Nothing lasts forever. This is especially true for contact lenses, which have much shorter useful lifespans than conventional eyeglasses. Some lenses are good for just one day of use before they have to be thrown away.
Those used-up sight-correcting devices served as the subject of study for several researchers. During a recent conference of the American Chemical Society (ACS), these researchers warned that old contact lenses that end up in bodies of water could be partly responsible for microplastic pollution of those waterways.
Dr. Rolf Halden of the Arizona State University (ASU) is one of the 45 million people in the U.S. who has worn contact lenses for years. He wondered what happened to those lenses after he threw them away.
Coincidentally, Halden's researcher team was studying plastic pollution. They were surprised at the scarcity of scientific literature on contact lenses, which were made from plastic. (Related: FDA approves first-ever light-adaptive contact lenses.)
"We began looking into the U.S. market and conducted a survey of contact lens wearers," related ASU student researcher Charlie Rolsky. "We found that 15 to 20 percent of contact wearers are flushing the lenses down the sink or toilet."
Those old lenses go through the sewers until they reach wastewater treatment plants. Halden guessed that up to 10 tons of contact lenses accumulate in U.S. wastewater alone on an annual basis.
The plastic materials that comprise most contact lenses are dense stuff. The heavy lenses sink to the bottom of waterways, where Halden warned they can pose a danger to fish and other aquatic lifeforms that feed there.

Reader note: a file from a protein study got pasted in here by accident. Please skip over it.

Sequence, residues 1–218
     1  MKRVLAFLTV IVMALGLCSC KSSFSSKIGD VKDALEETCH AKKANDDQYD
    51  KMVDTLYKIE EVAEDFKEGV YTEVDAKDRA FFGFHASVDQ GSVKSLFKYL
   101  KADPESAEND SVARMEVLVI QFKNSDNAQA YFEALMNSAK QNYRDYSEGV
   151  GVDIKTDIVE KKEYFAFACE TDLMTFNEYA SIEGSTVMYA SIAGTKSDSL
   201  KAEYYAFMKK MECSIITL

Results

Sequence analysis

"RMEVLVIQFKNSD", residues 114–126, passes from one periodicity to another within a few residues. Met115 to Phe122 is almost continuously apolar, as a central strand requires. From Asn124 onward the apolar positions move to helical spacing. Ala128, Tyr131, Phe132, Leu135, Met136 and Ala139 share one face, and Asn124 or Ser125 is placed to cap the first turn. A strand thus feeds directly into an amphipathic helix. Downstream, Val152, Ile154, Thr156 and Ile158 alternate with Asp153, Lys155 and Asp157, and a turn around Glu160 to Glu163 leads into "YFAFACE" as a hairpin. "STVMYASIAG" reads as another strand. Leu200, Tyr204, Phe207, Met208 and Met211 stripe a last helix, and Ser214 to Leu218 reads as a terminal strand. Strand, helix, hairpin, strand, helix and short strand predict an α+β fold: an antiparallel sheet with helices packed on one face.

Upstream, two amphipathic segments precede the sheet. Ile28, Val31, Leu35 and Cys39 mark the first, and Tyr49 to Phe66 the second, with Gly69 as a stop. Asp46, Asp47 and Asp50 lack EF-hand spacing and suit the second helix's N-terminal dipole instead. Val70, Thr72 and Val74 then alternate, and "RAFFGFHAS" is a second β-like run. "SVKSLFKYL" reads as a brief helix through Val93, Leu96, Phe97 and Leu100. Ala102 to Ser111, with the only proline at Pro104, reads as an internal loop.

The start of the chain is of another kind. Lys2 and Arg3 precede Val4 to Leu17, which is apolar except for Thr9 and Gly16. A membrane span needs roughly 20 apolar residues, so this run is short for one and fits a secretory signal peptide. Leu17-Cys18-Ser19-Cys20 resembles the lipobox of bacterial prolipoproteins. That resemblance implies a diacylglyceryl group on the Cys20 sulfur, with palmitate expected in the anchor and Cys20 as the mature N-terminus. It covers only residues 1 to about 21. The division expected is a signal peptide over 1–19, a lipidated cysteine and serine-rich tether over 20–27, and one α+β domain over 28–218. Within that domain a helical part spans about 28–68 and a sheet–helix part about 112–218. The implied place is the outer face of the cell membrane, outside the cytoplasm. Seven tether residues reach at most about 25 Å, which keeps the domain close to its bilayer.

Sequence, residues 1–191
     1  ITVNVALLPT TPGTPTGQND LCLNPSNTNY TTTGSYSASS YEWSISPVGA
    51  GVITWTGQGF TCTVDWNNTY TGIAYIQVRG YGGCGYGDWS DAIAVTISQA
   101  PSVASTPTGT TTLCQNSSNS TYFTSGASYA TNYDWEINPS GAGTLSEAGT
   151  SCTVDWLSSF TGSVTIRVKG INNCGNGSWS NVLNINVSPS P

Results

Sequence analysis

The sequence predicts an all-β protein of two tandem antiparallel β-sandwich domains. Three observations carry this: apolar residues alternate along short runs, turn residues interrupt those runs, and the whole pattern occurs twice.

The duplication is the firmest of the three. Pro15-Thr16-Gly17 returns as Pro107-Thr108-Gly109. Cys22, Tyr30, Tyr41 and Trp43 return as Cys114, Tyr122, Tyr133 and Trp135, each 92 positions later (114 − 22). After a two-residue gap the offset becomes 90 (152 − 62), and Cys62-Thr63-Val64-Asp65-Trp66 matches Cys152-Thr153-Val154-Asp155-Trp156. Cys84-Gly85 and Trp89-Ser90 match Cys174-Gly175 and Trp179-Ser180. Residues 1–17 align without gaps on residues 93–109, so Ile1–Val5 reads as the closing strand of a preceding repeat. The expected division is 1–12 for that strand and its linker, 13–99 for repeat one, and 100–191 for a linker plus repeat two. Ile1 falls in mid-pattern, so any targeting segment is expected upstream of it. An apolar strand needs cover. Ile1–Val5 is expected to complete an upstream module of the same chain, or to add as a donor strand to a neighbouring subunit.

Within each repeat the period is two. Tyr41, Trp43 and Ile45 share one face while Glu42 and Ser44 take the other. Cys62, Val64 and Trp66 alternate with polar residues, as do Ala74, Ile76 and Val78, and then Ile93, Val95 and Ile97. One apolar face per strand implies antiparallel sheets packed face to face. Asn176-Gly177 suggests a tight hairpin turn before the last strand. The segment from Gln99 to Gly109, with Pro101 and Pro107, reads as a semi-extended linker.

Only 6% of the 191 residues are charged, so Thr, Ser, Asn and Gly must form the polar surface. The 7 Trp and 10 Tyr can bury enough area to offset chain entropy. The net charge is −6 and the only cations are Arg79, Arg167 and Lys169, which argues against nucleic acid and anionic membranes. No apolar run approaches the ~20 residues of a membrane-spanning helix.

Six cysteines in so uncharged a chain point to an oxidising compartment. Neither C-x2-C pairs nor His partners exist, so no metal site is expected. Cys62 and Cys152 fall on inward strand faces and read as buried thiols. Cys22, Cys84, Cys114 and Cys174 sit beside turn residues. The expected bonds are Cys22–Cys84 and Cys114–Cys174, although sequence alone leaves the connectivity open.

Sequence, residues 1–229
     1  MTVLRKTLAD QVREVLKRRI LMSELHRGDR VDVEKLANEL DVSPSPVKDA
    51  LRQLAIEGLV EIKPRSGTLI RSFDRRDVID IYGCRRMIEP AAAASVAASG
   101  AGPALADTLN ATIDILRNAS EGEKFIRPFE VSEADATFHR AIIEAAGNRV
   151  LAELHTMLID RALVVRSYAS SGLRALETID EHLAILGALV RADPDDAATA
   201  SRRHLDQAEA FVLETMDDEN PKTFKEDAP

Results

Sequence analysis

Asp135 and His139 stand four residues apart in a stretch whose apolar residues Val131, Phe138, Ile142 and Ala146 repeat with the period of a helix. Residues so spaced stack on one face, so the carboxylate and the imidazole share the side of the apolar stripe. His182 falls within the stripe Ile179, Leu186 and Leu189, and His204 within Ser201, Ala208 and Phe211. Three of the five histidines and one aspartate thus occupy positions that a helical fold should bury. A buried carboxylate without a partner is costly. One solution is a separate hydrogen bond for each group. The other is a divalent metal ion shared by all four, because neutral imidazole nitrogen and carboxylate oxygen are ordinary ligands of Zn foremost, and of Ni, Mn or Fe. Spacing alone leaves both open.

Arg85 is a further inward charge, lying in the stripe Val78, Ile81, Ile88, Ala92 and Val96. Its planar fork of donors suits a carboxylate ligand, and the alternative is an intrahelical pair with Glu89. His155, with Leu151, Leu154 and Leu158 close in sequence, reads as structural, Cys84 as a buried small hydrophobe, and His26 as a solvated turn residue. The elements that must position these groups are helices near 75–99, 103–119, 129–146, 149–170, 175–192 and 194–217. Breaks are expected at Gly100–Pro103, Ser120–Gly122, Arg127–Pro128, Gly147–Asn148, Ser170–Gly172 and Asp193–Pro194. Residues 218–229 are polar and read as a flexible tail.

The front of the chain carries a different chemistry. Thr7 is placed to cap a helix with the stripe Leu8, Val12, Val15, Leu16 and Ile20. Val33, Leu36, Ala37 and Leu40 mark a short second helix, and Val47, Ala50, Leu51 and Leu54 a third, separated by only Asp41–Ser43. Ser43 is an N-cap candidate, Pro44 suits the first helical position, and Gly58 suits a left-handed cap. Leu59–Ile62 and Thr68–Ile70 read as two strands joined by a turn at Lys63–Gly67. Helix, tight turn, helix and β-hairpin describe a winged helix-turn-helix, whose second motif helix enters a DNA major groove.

It is difficult to determine the level of pollution caused by contact lenses. They are transparent by nature, so they often escape notice from researchers, especially when the wastewater contains so many other pollutants.
Furthermore, contact lenses are not made from plastics that are commonly found in other waste products. Instead, they are made from poly(methylmethacrylate), which is combined with fluoropolymers and silicones so that oxygen could get through the lens and reach the eye.
This combination of transparency and oxygen porousness muddy the effects of wastewater on contact lenses.
The ASU research team acquired five polymers used in contact lenses produced by different manufactures. They exposed the polymers to anaerobic and aerobic bacteria that are normally found in wastewater treatment plants. The exposures varied in length.
They found that the chemical bonds of the plastic polymers changed after prolonged exposure to the microorganisms. Based on these results, they believed that the microbes could cause the plastic at the surface of the contact lens to break down into smaller particles, which would further degrade into even smaller plastic.
Eventually, the resulting microplastics will end up in the belly of a fish or aquatic lifeform that mistakes it for food. Since plastic cannot be digested, they will remain in the body of the animal.
A number of those animals serve as important food sources for humans. Consuming them leads to the presence of toxic microplastics in the human body.
Halden and his team hope that their study will get the industry to ameliorate this problem. Contact lenses should be disposed alongside other solid waste instead of getting flushed away.
Pollution.news can keep you updated about what exactly happens to your plastic waste after you throw them away.